Digital Citizenship and Social-Emotional Skills Are Inseparable

By Devorah Heitner | November 11, 2017

Every school has its own unique culture. It is made up of all the ways in which students relate to one another and their teachers. In today’s world, digital devices in particular (and technology in general) have a huge effect on these relationships. For better or worse, communication is different now, and it has the…

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Short Circuit

By Alden S Blodget | October 8, 2017

Teachers can learn something from electricians.  For example, taking the path of least resistance isn’t always the best way to go.  If we want the lights to go on, the current needs to flow through the full circuit, and a short cut, like a nail lying across the wire, usually results in darkness. English teachers,…

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At Winsor School, the Student-Teacher Relationship Drives Academic Support

By Laura Vantine | September 13, 2017

Laura Vantine Academic support is a significant concern for independent schools — more so today than in the past. On the surface, the trends seem worrisome: A number of schools say more students are struggling, while others report that more parents are pushing for individual support and accommodations, specifically so their children can gain extended time…

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By Alden S Blodget | July 15, 2017

It was cold, a November evening, and I was the administrator on duty, so I was walking around the campus shortly after dinner on my way to the athletic center to lock the building. The last coach to leave after practice was supposed to lock up but never did. My mood was not good. The…

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The Costs of Paying Attention, The Value of Reflection

By Alden S Blodget | April 3, 2017

Recent studies done by neuroscientist Mary Helen Immordino-Yang (University of Southern California) and her colleague Joanna Christodoulou (Massachusetts General Hospital, MIT) suggest that educators need to consider much more carefully the role of reflection in learning.1 They cite new theories of two brain systems that control our attention. One is activated when we engage with…

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Stop telling kids you’re bad at math. You are spreading math anxiety ‘like a virus.’

By Petra Bonfert-Taylor | March 25, 2017

“How was skiing?” I asked my 14-year old daughter as she hauled her boot bag into the car. “Well, the ratio of snow to ground was definitely low,” she replied, adding that she had tried to figure the ratio of snow-to-ground during practice but had received only mystified looks. “Stop the math!” demanded a coach. “You…

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Peer Mediation as a Viable Option for School Conflict Resolution Programs

By Racheal Whiteside | March 19, 2017

Editor’s note: This is an interesting research article written by an undergraduate when she was attending the University of Buffalo. It is the voice of a student providing insight into adolescent aggression and conflict resolution. Albert Bandura (1977) developed the Social Learning (SL) theory to explain that people learn how to act from each other.…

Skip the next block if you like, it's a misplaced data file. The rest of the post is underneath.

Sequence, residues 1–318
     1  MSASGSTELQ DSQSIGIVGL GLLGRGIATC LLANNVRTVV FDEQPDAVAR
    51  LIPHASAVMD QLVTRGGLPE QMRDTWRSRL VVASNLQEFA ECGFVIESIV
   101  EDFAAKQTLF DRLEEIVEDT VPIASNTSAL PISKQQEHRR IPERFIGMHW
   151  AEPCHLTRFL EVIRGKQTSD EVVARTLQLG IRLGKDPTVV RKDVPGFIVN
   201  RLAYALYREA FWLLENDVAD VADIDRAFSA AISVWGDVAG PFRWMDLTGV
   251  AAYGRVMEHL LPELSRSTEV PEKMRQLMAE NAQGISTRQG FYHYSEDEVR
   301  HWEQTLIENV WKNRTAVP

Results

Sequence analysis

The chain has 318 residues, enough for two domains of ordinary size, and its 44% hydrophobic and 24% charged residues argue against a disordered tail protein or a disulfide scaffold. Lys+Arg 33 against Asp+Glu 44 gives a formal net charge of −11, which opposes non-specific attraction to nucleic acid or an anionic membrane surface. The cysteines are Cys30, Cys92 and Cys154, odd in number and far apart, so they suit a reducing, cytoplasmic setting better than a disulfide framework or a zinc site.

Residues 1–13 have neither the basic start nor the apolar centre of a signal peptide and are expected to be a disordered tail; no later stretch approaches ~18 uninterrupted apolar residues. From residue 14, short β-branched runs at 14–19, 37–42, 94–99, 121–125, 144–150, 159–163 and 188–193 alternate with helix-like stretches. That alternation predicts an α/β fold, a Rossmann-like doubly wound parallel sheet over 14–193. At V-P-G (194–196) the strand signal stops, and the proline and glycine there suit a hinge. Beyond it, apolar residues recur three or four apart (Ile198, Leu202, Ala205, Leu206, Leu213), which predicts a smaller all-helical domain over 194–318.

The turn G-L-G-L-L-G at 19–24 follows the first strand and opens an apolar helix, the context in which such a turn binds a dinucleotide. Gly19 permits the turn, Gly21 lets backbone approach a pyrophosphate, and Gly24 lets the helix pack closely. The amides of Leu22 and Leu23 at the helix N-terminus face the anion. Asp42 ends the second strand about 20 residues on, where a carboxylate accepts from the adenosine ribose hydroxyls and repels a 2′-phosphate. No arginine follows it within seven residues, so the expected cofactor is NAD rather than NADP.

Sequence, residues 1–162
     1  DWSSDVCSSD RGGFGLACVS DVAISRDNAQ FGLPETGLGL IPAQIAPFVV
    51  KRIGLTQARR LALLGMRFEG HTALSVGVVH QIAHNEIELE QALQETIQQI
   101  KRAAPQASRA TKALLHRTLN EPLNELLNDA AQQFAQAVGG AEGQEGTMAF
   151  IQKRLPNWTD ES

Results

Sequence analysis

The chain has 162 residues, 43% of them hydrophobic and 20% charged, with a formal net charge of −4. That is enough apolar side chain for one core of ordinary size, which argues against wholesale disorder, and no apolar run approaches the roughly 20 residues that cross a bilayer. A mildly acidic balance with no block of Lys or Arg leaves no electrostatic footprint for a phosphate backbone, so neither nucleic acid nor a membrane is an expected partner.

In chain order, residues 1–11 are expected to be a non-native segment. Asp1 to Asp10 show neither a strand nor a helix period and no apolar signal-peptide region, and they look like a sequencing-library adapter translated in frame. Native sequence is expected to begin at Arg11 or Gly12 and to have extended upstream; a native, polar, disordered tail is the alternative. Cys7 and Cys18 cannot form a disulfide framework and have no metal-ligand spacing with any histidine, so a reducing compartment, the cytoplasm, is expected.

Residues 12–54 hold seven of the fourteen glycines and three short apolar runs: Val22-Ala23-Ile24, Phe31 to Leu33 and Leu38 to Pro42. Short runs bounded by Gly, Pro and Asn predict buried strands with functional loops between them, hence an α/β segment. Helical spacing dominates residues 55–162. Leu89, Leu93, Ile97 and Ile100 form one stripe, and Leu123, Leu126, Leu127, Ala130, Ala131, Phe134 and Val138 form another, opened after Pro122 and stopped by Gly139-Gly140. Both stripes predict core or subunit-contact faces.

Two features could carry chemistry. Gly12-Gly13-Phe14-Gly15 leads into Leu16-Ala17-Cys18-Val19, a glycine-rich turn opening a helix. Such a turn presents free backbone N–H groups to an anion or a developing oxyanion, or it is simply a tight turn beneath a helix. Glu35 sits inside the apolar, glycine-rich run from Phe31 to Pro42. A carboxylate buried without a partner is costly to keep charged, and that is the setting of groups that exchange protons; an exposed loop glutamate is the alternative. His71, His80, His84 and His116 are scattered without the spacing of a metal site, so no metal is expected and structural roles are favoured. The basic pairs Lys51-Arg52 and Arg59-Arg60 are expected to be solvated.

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Learning Disabled or School Disabled?

By Alden S Blodget | March 4, 2017

According to statistics from the Centers for Disease Control, my grandson is one of about 6.4 million children who have been diagnosed with ADHD. The symptoms of ADHD include inattentiveness in school, distractibility, inability to sustain attention, difficulty finishing school work, difficulty shifting from task to task, procrastination, and fidgeting when seated. In other words, if you…

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Your Mind Is Not Like a Computer; It Is Like An Ecosystem: Minding Your Metaphors About the Mind

By Zachary Stein | January 16, 2017

I am what is often referred to as a “high-achieving dyslectic.” From a very early age, I was made aware that my mind simply worked differently than other people’s. Fortunately, while in elementary school, I was surrounded by caring special educators (including my mother) who taught me to embrace my uniqueness. But it was not…

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Assessments That Provide Real Insight into Learning

By Alden S Blodget | January 16, 2017

A math teacher described a problem he was having with his 2nd graders: “One of the goals of our math curriculum is to enable the students to articulate their mathematical reasoning. We would like them to explain, ‘The problem said two more came, so I knew I needed to add,’ but instead we get, ‘I…

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Adolescents Struggle to Identify Fake News

By Alden S Blodget | January 2, 2017

Given the multitude of phony news stories spawned during the 2016 election, culminating in the shooting at a D.C. pizza restaurant, the Stanford History Education Group’s study of adolescents’ ability to judge the credibility of all the information vying for their attention in cyberspace is amazingly timely. The study focused on over 7,800 middle school,…

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My School, My Self

By Alden S Blodget | December 12, 2016

“I just needed a place where I could be myself.” That was Teri’s assessment of what was missing from her life in school, and my experience suggests that she speaks for hundreds of thousands, probably millions, of students. School is not typically a place for the self, at least not the self of students. A…

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What Happens to Empathy Deferred?

By Leon "Kip" Bordelon | November 28, 2016

As an alumnus of an independent school, I have enjoyed reading about the increasing emphasis on teaching cooperation, teamwork, mindfulness, and empathy. As independent schools become more globally and racially diverse, the need for greater reflection, for awareness of one’s own thinking and biases, and for curiosity about the perspectives of others also grows.  The…

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Civics in Uncivil Times

By Leah Shafer | November 12, 2016

Facing down the challenges of teaching the 2016 election, with resources for preparing engaged citizens     In a chaotic and hostile election season — rupturing political parties, incessant name-calling, and growing dissension along racial and class lines — it may be tempting for educators to discourage political talk at school. But as the school…

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Arab American Students in Public Schools

By Wendy Schwartz | September 18, 2016